In Australia, as in most other affluent western countries, nationalism is no longer fashionable. Quite the opposite actually – we’ve become accustomed to weird kind of subtle self-loathing, a permanent collective mood that seems to recognise that despite all the successes of the Australian state we’re still a bunch of irredeemably oppressive colonialists who deserve to feel bad all the time.
When nine-year-old Harper Neilson refused to stand for the national anthem the vast majority of the commentariat sat around clapping like demented seals. This action alone perfectly represents the deeper sickness infecting Australian society.
In this context, it’s hard to see where redemption might lie. The mechanism is incredibly simple – by being universally critical of Australia and Australia’s past one can easily signify that they’re a fundamentally good person, not a horrible racist, fascist, xenophobe or anti-immigration philistine. This is of course in contrast to all the mouth breathers who dare argue that maybe the world was vastly different back when the First Fleet was cruising towards Botany Bay.
The same logic applies to a seething hatred of offshore detention and a thousand other contemporary policy issues – it’s far easier to point out the fact that would-be immigrants are subjected to generally shitty detention conditions than to admit that suppressing the people smuggling industry is an extremely complex issue.
The line becomes blurred over time, as opposition to specific policy transitions into a festering dislike of one’s own country. After all, when you become accustomed to thinking in absolutes all nuance is necessarily lost, critical ability probably eroded precisely like the dopamine receptors of coke addicts.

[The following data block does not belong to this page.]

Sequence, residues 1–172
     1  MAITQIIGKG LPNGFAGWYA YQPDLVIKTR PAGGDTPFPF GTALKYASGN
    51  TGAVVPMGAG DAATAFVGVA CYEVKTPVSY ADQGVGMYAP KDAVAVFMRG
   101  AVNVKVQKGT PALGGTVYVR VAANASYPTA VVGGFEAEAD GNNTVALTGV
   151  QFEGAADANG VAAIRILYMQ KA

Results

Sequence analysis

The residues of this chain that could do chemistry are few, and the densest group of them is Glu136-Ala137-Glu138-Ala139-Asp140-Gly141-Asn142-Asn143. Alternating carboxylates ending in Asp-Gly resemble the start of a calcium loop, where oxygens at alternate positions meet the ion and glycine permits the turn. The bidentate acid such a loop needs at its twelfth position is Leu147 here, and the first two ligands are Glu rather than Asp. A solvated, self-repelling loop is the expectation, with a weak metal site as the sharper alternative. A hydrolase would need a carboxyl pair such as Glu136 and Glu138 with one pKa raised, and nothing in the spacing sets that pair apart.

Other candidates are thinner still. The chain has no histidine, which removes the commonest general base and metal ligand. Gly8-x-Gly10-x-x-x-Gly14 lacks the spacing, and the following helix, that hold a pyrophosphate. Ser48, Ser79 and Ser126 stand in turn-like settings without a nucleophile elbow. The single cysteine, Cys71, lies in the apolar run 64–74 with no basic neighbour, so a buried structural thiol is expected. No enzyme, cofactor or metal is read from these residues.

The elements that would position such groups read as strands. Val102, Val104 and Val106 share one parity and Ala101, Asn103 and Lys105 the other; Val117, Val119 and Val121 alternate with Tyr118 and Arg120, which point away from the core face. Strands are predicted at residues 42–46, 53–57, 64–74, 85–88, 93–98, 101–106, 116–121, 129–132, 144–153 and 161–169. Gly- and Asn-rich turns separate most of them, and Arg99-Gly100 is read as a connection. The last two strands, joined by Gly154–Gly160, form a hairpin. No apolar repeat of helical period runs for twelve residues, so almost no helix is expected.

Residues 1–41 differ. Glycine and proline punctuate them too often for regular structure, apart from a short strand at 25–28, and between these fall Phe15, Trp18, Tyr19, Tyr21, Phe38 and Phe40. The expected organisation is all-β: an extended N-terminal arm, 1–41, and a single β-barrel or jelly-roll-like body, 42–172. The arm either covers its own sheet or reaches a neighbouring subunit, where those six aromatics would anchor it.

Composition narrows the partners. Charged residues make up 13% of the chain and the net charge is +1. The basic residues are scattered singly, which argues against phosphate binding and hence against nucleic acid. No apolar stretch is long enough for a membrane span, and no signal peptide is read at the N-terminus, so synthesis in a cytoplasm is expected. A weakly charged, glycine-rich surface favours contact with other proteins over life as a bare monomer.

Despite this creeping trend towards an anti-Australian zeitgeist small pockets of genuine, healthy national pride still manage to emerge occasionally.
If you managed to watch the start of the Bathurst 1000 you’ll have noticed a very uncommon pairing of events – a prayer by the Christian (!) chaplain Reverend Garry Coleman and a performance of the national anthem that saw even the most intoxicated of racegoers upstanding and hatless under the stunning spring sun of the central tablelands.
No political knee-dropping, no aggressive protests – just a simple request to give thanks for all Australia has to offer which was peacefully and respectfully granted by the massive crowd. Our pristine and beautiful natural environment, our stable and prosperous economy, our universal healthcare – all things that should be a constant source of pride for anyone lucky enough to be a citizen, natural born or otherwise.
None of this is to say that objectively terrible things haven’t happened in Australia – of course they have. The whole point that seems to get missed in all this hand-wringing and anthem-sitting is that, when all factors are considered, a certain measure of shared national pride is vital to the proper functioning of a nation state.
Too much national pride manifests itself as toxic authoritarian nationalism in exactly the same way that too little results in political polarisation and divisive chaos. Organisms that actively hate themselves can’t expect to survive for very long – why should that be any different for a country?
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